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How to Structure Your Google Ads Account in the Age of SMART Bidding

PPC Account structure is crucial for successful results. It is one of the first things we learn when we jump into the ‘PPC world’. Your account structure is the skeleton that supports your account performance and how you manage it. A good structure can save you lots of time in management and ensure efficient results.

While there are thousands of ways to structure your account, here are some links to help you understand more about account structure in 2023. So SMART Bidding is sifting the criteria to consider while creating it. If segmentation and granularity were the best practices a few years ago, we are now talking about consolidation – as our brilliant speaker Carolina Torres mentioned in our last PPC Live UK, ‘Less is More; Consolidation is Key

How did an effective PPC account structure look like

Old-school PPC experts may need help to digest this new approach. We have been working for years on the idea that the tighter our keywords are, the easier it will be to gauge performance, write specific ad copy, and make adjustments.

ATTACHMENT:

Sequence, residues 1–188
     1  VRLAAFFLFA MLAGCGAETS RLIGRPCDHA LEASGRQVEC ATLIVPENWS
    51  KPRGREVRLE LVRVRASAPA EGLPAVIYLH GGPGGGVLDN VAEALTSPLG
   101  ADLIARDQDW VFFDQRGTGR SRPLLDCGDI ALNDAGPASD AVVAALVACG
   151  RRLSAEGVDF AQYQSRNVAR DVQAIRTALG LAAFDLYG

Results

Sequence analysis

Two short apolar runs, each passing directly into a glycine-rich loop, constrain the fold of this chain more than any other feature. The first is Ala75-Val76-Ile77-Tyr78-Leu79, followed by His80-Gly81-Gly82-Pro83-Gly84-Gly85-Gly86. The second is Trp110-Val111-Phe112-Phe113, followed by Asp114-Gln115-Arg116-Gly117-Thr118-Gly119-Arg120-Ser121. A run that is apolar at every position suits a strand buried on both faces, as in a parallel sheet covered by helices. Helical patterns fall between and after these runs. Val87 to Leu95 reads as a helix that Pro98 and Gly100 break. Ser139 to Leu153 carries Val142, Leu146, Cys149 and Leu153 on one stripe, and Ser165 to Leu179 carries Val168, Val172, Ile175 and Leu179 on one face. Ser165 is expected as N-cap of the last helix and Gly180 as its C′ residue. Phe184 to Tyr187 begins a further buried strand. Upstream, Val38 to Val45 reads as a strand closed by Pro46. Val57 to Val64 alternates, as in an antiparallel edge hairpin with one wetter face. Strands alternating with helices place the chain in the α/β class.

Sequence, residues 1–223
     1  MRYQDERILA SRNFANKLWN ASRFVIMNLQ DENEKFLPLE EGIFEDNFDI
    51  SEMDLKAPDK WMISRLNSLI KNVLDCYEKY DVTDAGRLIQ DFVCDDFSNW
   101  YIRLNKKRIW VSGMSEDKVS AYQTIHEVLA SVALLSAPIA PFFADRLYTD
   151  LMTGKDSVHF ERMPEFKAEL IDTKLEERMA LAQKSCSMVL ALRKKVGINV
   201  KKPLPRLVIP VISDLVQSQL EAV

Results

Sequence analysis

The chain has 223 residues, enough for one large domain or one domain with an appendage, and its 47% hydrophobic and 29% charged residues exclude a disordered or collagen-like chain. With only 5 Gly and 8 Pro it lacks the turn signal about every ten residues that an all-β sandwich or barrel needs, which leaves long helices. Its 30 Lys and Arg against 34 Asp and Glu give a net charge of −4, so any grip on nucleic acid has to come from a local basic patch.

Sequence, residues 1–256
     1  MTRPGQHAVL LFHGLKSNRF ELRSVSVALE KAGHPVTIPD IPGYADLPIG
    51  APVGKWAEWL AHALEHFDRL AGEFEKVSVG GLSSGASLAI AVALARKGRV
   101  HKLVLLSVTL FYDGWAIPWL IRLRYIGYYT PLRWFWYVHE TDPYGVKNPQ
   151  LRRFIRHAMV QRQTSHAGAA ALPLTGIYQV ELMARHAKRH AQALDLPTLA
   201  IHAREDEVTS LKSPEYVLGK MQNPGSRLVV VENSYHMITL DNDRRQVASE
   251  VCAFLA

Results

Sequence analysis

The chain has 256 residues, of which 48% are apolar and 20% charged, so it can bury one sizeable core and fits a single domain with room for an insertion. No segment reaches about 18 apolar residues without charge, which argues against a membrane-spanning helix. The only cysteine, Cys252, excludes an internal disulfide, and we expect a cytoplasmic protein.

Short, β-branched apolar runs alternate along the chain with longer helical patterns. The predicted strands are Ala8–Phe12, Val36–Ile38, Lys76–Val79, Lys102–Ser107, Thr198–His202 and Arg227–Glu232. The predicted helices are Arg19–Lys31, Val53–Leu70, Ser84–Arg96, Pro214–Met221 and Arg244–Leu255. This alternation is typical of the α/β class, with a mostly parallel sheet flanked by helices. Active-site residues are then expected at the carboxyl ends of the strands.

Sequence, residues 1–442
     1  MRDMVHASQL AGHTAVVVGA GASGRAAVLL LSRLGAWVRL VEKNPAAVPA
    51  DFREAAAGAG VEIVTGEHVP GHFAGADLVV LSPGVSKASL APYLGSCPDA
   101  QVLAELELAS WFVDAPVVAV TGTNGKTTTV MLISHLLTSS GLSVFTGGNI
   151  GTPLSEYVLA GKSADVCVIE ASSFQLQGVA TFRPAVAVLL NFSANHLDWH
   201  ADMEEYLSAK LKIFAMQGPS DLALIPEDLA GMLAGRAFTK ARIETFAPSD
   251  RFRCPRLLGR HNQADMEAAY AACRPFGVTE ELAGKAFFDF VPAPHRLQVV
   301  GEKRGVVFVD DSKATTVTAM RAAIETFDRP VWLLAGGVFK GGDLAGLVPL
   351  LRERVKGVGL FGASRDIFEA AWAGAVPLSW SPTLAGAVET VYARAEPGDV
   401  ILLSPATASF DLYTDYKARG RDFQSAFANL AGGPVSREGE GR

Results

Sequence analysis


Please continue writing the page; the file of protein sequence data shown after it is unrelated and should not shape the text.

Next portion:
There were compelling reasons for this way of structuring PPC accounts:

  • Keyword segmentation into tightly themed groups and match types was key to controlling our budgets and working with customer intent.
  • Quality Score was key to ensure efficiency and grouping our keywords into tight themes would help to write relevant ad copy to our keywords.

SKAG structures (sorry for mentioning this overwhelming word!) were the way to go. Most of us have seen considerable improvements in our accounts when implementing this approach – increases in quality scores, decreases in CPC and smashing CPAs.

As it happens in this continuously changing industry, SMART bidding came into our lives to change the rules. That’s why we asked our experts if we should believe in Smart bidding. The algorithm is not focused on match types anymore and is instead focused on user intent, and granular campaign/ad group segmentation is no longer needed.

It is time to review your Google Ads campaigns structure